The Scientific Basis Of Love

Written by on May 29, 2012 in Relationships - No comments | Print this page


Have you ever been in love or can say that you are currently in love?  Well, then you’ve been TRICKED!

By nature, that is.  How many times have you said in the past that you and your partner don’t really belong together, but stay together anyway because you are in love?

You have fallen into nature’s master plan of propagating and ensuring the survival of the species.

Every emotion has its neuronal and endocrine correlates and love is no exception.  You might have heard about MRI scans done on people who have fallen in love within the last 6 months and also those who have been in long-term relationships.

Thus far, they have found that that the major endocrine factors include oxytocin, ADH, dopamine, serotonin, cortisol, nerve growth factor, and testosterone, all of which have been elucidated in detail in the The Journal of Neuroscience. 

There have been limited amount of studies and definite proof of some of the key players is still lacking, but these are the factors of interest.

I will only highlight a few here.  I know that you didn’t come here for a science lecture, but I can’t help but throw in some science tidbits since I do science for a living.

Anyway, the hormones oxytocin and ADH are made in the hypothalamus of the brain and released from the posterior pituitary.  Oxytocin is in abundant amounts during breastfeeding, allowing for bonding between the mother and baby.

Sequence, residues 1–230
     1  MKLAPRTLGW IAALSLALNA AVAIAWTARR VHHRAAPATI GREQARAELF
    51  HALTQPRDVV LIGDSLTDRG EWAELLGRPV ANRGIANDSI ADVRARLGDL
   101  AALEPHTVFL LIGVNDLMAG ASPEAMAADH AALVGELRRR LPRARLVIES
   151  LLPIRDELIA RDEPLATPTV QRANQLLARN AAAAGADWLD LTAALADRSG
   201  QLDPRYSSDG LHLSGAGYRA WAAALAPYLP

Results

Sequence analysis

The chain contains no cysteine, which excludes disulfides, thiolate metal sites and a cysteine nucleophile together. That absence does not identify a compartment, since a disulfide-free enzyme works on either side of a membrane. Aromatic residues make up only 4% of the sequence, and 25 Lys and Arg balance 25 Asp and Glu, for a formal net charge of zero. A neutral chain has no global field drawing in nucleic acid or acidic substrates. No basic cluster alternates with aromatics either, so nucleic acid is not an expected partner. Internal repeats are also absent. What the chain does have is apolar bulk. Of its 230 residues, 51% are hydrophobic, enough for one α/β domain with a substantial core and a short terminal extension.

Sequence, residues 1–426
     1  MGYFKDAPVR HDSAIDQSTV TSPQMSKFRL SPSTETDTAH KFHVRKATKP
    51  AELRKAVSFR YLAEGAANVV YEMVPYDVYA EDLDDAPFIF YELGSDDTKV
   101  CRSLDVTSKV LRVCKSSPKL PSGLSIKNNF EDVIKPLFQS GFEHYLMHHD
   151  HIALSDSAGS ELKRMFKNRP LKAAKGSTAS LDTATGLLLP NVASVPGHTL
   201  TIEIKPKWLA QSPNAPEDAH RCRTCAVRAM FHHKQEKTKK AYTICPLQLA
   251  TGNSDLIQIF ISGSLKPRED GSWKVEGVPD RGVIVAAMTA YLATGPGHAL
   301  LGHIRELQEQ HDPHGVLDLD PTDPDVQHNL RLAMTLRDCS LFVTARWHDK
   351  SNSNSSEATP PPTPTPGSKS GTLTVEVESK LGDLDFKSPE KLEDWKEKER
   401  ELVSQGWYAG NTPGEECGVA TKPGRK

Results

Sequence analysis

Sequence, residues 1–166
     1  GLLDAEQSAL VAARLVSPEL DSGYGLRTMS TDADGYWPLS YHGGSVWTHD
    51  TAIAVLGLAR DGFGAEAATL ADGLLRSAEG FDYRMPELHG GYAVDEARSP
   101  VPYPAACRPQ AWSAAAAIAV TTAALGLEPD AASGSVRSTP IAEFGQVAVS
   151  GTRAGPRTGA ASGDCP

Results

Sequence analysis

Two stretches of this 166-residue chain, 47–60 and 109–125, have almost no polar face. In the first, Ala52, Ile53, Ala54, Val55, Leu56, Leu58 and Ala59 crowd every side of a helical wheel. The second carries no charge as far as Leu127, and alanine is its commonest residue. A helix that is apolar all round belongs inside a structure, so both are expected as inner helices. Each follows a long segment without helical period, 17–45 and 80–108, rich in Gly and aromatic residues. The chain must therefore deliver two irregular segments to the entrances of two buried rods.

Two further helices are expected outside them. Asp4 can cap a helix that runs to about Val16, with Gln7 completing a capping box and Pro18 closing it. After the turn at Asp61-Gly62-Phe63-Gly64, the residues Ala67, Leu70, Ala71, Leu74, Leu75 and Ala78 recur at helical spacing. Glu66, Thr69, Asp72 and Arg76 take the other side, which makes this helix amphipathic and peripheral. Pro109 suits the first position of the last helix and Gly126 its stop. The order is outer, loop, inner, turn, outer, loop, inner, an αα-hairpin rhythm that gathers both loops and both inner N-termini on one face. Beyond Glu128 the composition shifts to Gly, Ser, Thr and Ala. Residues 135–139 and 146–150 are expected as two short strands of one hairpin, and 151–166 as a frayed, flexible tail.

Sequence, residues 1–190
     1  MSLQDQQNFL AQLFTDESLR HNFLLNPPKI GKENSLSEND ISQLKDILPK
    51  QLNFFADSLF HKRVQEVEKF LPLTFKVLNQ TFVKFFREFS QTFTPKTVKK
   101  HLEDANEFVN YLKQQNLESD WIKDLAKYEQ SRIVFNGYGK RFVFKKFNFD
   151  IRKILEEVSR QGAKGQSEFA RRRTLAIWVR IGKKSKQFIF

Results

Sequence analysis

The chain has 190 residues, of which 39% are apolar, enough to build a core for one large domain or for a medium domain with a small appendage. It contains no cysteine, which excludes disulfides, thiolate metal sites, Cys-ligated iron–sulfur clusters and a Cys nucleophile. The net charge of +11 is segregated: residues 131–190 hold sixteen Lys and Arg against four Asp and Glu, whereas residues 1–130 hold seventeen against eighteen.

Several studies that have been released describe the similarities and differences in brain activity between maternal and romantic love.  These two types of love activate the dopamine (a neurotransmitter that allows for communication between a neuron to target cells) reward system, supporting the hypothesis that the adult attachment system evolved from the infant-caregiver attachment system (De Boer et al., 2012)

Not so coincidentally, oxytocin is also released during sex.  That may explain why some people may feel more attached to their partner when sex is involved.

Love is like a drug.  No, seriously, it is.  The dopaminergic pathways that are involved in love and pair-bond forming are similar to those involved in addictive behavior (Edwards and Self, 2006). Dopamine stimulates “desire and reward” and sets off an intense rush of pleasure. 

It has the same effect on the brain as cocaine, no lie.  It is also likely that other kinds of love like friendship and familial bonds are attributed to the same neuronal network that is seen in maternal and romantic love, although more studies are needed.

Now you know what to blame for your tendency to keep going back to your ex.  Oxytocin!  When you know your partner is no good for you, but you can’t seem to leave him/her, stop the intimacy and you will stop the release of that bond-forming hormone oxytocin.  Problem solved.  Well, that sounds easy enough, but hard to do.

What are your thoughts on love and it’s many complicated avenues?


About the Author

M. Yu

M. Yu is a single, working professional who lives in New York City. She has eclectic interests, ranging from cancer research (her day job) to traveling to writing for the Relationship Category on QLR. She has an active dating life and views every life experience as a learning lesson. View all posts about healthy relationships.